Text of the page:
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Vortrag ISLANDS FOR LIFE: Art Projects and Post-Growth Philosophies in Japan (13.01.22)

A virtual u:japan lecture by

Adrian Favell (University of Leeds,Bauman Institute) Donnerstag, 13. Januar 2022, 18:30 - 20:00

"(...) My presentation will discuss in particular the ideas and practice developed by art producer Fram Kitagawa in Niigata's Echigo Tsumari (a triennale that has been running since 2000), as well as the Seto island based art projects of the artist Yukinori Yanagi, including one I have participated in, the Momoshima Art Base. While these projects draw on the almost limitless resources offered by the voluntary participation of young "lost generation(s)" artists and creatives as well as abundant empty properties in remote locations, a younger generation have responded in their own way to Japan's stagnation and dilemmas over housing and art careers, with anarchist-like ideas of autonomous self-sufficiency and collective organisation."

Zur Biographie des Vortragenden, der über zeitgenössische japanische Kunst schreibt, z.B. in "Before and After Superflat: A Short History of Japanese Contemporary Art 1990-2011" (2012) :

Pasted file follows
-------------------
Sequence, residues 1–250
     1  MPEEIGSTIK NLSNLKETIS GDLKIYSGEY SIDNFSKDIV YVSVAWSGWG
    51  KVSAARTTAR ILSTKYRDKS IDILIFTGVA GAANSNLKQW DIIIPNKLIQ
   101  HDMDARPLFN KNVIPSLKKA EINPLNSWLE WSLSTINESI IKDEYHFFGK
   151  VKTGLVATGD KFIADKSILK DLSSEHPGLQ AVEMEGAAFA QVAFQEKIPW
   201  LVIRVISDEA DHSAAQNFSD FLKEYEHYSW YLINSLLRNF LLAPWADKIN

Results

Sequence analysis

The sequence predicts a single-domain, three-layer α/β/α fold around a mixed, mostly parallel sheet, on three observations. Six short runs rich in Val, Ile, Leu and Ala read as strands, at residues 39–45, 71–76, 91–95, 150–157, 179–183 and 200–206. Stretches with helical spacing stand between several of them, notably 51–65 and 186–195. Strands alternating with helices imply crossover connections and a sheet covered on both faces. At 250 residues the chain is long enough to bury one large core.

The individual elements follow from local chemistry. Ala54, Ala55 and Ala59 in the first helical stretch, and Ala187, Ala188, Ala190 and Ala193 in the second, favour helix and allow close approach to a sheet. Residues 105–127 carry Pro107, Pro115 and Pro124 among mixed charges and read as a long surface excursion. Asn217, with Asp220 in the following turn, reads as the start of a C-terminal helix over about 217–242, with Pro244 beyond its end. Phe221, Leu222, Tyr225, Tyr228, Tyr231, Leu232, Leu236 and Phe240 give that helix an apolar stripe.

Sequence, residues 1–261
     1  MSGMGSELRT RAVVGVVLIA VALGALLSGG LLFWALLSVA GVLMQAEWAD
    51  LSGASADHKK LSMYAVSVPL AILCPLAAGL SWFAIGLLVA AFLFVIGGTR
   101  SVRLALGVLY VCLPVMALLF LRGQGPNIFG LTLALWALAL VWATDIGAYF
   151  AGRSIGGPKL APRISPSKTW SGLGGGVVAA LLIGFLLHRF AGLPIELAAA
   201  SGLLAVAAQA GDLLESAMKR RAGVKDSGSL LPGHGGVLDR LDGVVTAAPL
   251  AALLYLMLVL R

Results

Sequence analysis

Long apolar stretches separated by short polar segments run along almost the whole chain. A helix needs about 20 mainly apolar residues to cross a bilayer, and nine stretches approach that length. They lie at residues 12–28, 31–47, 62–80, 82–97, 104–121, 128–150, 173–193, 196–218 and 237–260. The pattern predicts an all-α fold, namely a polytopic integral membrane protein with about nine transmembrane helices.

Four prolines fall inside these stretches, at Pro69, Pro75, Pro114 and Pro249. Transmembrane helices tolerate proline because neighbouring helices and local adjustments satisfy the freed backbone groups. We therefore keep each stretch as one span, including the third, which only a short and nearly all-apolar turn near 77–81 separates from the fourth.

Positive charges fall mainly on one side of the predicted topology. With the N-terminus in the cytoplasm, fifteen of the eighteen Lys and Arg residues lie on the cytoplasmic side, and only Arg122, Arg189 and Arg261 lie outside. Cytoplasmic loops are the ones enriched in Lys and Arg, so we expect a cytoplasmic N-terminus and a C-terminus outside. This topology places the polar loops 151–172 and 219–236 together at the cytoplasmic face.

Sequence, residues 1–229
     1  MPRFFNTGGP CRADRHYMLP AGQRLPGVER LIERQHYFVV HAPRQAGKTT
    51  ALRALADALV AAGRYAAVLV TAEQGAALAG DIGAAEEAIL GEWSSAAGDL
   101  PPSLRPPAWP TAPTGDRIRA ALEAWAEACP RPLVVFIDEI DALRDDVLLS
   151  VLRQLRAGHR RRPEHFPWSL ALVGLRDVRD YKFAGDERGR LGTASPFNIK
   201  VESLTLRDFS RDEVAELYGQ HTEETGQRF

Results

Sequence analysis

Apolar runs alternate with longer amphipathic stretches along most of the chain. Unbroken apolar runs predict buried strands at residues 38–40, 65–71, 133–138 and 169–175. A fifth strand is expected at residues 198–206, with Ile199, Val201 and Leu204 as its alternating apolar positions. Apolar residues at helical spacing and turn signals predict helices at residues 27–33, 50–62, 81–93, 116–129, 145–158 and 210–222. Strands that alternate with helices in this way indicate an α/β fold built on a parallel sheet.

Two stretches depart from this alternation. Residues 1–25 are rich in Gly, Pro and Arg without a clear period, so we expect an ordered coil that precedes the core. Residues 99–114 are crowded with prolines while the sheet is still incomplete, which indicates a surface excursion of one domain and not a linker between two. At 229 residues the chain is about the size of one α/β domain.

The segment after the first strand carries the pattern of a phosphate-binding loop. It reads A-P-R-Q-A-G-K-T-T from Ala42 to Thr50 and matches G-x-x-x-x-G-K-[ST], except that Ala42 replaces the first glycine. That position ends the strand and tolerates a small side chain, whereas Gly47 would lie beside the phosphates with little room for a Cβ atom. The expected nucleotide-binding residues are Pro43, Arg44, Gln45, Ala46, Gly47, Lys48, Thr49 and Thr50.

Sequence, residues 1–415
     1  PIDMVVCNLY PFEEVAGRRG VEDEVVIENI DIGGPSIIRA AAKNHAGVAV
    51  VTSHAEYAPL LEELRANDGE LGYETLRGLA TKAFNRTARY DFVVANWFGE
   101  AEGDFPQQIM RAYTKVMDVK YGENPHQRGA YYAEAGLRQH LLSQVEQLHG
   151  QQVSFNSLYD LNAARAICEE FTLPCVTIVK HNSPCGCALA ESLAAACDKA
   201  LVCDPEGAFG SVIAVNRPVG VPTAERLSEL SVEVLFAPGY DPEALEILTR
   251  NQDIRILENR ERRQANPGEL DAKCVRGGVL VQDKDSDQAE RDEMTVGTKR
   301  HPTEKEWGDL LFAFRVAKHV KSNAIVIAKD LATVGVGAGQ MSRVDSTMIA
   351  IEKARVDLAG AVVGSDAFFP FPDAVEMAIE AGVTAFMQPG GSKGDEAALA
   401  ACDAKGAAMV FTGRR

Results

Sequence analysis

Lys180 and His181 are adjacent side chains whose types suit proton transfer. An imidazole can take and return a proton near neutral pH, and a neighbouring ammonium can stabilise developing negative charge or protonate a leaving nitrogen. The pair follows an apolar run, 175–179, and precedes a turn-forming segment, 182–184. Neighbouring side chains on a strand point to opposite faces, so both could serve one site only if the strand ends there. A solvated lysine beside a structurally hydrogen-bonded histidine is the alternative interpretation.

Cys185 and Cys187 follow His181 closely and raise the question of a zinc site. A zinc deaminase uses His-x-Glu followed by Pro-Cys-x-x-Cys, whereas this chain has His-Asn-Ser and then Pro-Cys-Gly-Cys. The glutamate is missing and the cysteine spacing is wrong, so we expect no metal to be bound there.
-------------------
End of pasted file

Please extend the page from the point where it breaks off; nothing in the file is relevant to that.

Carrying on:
Adrian Favell is Chair in Sociology and Social Theory at the University of Leeds, UK and Director of the Bauman Institute. He is the author of various works on immigration politics, citizenship, multiculturalism and cosmopolitanism. In 2006-7 he was a Japan Foundation Abe Fellow in Tokyo, leading to the publication of Before and After Superflat: A Short History of Japanese Contemporary Art 1990-2011 (2012). A revised, updated and expanded 2nd edition of this book, including a full discussion of more recent post-disaster and post-growth art projects since 2011, will be published in 2022 by the Sainsbury Institute for the Study of Japanese Arts and Cultures (SISJAC).

He has also published essays in Art in America, Bijutsu Techo, Impressions, Artforum, ART-iT online, and for the catalogue of a exhibition in 2021 on Tokyo: Art and Photography at the Ashmolean Museum, Oxford.

He is currently working on a book about "post-growth" art and architecture in Japan, a long term collaboration with the architect Julian Worrall, University of Tasmania. More info:


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